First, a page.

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Why Coding Is Your Child's Key to Unlocking Future

WSJ Careers - Sun, 04/26/2015 - 20:55
Keywords: Computer programing is a skill uniquely suited to training children how to solve problems and to express themselves, and many educators think it should be part of the basic curriculum, even for grade schoolers.

Full Disclosure & Your Job Search….

Lisa Kaye - Sun, 04/26/2015 - 12:06

Many of us have a need to be fully transparent when it comes to job interviews and telling a recruiter or hiring manager the entire history of our job search. Others take a different approach, leaving clues and hints like a murder mystery trail yet to be solved. There are no right or wrong approaches to speaking your mind. You are the only one who knows how much is too much when it comes to disclosing information during your job search. Do you tell the recruiter that you are interviewing for multiple jobs? Do you tell your supervisor you are a finalist for a job offer? How much negotiating of your salary do you do BEFORE you get a formal offer?

When it comes to setting the stage for a job offer negotiation playing your cards close to the chest is not a bad strategy. Sometimes in our need to be transparent we can reveal too much. Here are some examples of when less is more when it comes to negotiating your next job offer:

  1. I’m So Popular! You may be interviewing with many companies and the job offer you receive from a company may be right but not perfect. You wonder whether you should leverage your current employer knowing it could back fire or, play hardball with the prospective employer until you get the offer you really want? It’s not wise to negotiate with a prospective offer if you are ultimately going to use it to leverage your current situation. Many times this approach can backfire. If you are interviewing for a new job and are up for a promotion at your current job and are wondering which road to choose it’s best to lay out your terms clearly so you are not playing both sides against the middle. Know what you want and what it would take in order for you to make the move and know what your bottom line is so if the new job offer does not meet your expectations no matter how badly you want to make a move, then sit tight and play out your current opportunity. Just because all things don’t fall into place at the moment you want does not mean you are stuck forever. Playing one employer against the other is a tricky game and unless you are a master negotiator, save that move for the experts.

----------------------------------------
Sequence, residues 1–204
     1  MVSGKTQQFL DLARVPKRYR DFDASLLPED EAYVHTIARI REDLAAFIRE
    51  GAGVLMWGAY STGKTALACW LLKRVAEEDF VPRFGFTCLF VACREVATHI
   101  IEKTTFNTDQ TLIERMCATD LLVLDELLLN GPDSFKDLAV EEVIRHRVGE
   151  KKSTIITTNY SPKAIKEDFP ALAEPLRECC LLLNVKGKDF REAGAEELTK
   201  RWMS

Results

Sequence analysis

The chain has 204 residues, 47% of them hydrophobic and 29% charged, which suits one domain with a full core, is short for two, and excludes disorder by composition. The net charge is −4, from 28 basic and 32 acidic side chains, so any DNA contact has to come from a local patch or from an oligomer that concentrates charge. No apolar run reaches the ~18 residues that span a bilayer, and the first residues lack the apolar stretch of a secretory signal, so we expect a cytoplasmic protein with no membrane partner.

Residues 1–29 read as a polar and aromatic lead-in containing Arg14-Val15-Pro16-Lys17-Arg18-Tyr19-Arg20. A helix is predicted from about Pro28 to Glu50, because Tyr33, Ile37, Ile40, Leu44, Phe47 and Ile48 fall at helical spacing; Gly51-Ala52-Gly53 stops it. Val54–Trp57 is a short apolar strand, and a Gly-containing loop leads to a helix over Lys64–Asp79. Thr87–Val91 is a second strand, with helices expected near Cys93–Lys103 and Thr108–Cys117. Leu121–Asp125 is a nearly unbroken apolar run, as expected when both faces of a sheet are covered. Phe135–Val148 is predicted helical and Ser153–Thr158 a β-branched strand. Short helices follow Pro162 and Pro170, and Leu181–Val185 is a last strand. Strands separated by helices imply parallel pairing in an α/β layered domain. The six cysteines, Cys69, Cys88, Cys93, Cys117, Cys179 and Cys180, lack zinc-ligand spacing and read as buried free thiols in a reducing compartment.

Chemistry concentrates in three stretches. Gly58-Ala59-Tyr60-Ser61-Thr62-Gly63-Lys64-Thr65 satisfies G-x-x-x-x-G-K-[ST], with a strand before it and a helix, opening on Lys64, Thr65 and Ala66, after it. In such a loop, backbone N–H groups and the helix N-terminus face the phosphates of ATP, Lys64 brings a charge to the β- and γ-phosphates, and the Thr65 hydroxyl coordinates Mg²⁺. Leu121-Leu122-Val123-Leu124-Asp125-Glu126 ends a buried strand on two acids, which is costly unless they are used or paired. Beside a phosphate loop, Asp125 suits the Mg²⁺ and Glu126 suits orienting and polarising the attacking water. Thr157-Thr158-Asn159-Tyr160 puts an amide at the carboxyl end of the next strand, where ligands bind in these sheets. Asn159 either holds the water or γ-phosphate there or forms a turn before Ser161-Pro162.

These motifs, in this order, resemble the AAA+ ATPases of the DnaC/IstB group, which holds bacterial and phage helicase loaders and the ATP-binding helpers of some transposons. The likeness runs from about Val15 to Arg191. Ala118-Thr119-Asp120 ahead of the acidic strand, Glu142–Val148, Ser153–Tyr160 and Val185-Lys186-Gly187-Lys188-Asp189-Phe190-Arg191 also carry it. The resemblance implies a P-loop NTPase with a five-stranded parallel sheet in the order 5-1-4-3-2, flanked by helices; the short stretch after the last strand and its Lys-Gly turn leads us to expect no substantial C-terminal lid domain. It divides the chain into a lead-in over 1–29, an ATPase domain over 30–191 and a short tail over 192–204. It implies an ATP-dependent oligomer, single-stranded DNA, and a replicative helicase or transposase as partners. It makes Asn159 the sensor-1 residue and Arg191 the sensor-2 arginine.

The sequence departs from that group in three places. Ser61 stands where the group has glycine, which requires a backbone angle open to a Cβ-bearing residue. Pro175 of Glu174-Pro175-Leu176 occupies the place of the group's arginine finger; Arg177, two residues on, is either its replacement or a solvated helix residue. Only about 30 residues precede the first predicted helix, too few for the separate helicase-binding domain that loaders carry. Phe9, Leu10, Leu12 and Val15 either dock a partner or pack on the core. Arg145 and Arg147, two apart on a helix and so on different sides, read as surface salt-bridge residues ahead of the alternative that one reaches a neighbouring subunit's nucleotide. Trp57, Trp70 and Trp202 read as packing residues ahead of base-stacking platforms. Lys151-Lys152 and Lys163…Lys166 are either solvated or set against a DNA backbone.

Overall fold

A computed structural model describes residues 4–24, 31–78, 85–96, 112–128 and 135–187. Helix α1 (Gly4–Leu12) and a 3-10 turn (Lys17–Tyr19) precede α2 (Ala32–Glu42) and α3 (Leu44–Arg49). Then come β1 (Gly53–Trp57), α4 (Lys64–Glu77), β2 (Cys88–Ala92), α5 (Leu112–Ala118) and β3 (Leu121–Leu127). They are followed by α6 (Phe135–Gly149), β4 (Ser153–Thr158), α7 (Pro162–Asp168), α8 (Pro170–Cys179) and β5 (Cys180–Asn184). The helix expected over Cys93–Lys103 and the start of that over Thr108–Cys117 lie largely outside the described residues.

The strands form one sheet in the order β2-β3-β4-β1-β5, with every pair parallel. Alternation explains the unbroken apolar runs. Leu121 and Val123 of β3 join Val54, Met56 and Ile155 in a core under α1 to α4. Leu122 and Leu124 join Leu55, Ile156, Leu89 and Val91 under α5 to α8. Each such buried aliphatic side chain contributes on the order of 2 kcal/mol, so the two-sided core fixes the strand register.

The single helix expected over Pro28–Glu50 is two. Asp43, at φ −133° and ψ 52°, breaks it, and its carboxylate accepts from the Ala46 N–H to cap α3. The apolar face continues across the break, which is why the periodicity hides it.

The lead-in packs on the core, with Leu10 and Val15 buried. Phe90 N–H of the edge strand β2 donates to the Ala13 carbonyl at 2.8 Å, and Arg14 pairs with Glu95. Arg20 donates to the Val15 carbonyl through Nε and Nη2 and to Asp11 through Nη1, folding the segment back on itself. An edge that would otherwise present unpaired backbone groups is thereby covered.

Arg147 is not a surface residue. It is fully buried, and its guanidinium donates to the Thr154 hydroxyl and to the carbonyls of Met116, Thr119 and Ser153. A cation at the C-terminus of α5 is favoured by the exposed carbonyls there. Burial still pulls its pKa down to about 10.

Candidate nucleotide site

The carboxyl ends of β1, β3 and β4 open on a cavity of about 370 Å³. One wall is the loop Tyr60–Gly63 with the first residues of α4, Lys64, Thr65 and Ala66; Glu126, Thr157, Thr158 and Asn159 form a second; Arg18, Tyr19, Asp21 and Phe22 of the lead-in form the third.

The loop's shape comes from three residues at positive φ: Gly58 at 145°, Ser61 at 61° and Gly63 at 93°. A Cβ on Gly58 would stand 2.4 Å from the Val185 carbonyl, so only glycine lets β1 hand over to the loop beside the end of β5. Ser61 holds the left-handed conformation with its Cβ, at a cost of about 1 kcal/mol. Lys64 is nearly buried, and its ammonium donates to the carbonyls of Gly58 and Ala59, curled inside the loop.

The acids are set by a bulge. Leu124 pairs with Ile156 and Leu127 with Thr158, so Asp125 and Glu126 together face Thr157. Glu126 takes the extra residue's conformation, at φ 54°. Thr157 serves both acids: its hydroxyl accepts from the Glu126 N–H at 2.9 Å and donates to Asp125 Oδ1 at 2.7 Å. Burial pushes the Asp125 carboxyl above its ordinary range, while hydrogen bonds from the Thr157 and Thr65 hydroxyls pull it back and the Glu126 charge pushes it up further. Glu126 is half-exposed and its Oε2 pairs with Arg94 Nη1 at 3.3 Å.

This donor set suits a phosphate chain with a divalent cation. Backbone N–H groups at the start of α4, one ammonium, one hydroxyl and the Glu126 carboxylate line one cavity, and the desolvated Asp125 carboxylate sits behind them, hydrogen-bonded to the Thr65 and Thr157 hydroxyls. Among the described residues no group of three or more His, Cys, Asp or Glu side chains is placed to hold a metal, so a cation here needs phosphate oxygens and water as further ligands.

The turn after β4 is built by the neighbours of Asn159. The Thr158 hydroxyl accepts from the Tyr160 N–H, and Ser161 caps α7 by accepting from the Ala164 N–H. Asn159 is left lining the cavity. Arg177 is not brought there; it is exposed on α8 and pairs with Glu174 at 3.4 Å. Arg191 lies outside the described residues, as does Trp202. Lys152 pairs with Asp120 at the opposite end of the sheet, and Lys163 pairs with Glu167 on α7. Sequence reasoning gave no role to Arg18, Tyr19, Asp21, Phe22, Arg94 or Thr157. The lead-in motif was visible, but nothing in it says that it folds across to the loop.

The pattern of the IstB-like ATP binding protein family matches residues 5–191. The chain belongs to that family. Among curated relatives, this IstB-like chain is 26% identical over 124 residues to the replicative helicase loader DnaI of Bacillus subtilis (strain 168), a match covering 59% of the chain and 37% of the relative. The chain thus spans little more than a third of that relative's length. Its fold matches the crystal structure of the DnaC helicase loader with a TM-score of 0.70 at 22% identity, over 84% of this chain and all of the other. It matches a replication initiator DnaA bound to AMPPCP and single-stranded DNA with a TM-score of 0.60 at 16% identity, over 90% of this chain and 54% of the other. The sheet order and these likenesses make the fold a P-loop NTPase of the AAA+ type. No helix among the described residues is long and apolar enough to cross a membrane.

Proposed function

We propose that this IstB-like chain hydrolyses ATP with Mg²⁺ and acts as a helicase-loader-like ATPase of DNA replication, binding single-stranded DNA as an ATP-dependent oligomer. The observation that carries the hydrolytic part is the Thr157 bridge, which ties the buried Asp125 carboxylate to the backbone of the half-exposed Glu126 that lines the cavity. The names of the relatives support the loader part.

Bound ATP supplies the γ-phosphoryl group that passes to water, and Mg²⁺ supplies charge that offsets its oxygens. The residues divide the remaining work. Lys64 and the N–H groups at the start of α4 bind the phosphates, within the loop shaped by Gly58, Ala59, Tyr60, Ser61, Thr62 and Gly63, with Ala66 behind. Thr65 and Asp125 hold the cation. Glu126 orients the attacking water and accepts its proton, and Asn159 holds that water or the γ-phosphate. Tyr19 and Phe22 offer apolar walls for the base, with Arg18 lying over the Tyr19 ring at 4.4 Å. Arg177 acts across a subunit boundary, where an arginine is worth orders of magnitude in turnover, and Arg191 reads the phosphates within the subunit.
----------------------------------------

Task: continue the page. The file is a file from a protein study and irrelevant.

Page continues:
2. Let’s Make A Deal! When it comes to negotiating what you want whether this includes money, title or even reporting relationship, again, make sure you have your priorities straight and only ask for what really is a deal breaker for you. Whether you are negotiating a promotion or a new job, knowing what you are worth and playing that hand when the opportunity is right makes you a valuable asset no matter what side of the desk you are sitting on. You can have what you want you just need to know how to set the stage in order to make sure you do not come across as too demanding or unappreciative. Doing your homework, stating that you have interviewed for similar jobs in the industry and the going rate is X, makes you look like you have done your research and you know what you are worth on the open market. Don’t even begin the process of negotiating unless you are very clear on the market salary and in the end what will make you happy and accept the job offer.
  3. Don’t Settle for Less! Unless you have been on the job market for a long time or have no relevant experience in an industry you are trying to break into, accepting less in terms of title, salary or position is not the way to go. Letting people know your worth also means setting the boundaries of what you are and are not willing to accept in a job offer. It does not mean you have to play hardball out of the gate with a list of demands, but you again need to be very clear on what you want by having done the research and leveraging your skills in an appropriate and professional way. People respect you if you are able to stand up for yourself especially if you are being given an offer that is much less than you expect. If you have a good job but are looking for more, don’t panic, make the most of what you have while you have it and it’s okay to let the hiring manager know what you expect from your next career move-even if it’s more than what they want to pay you.

Full disclosure means that you are calculated in your response to your job search and negotiations and are not giving the information away just to make a point. If you are unhappy and are making a decision out of desperation it will show. If you are confident and know your market value than you are in a better position to ask for and get what you want.

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Workers' Comp Perils for Cirque Artists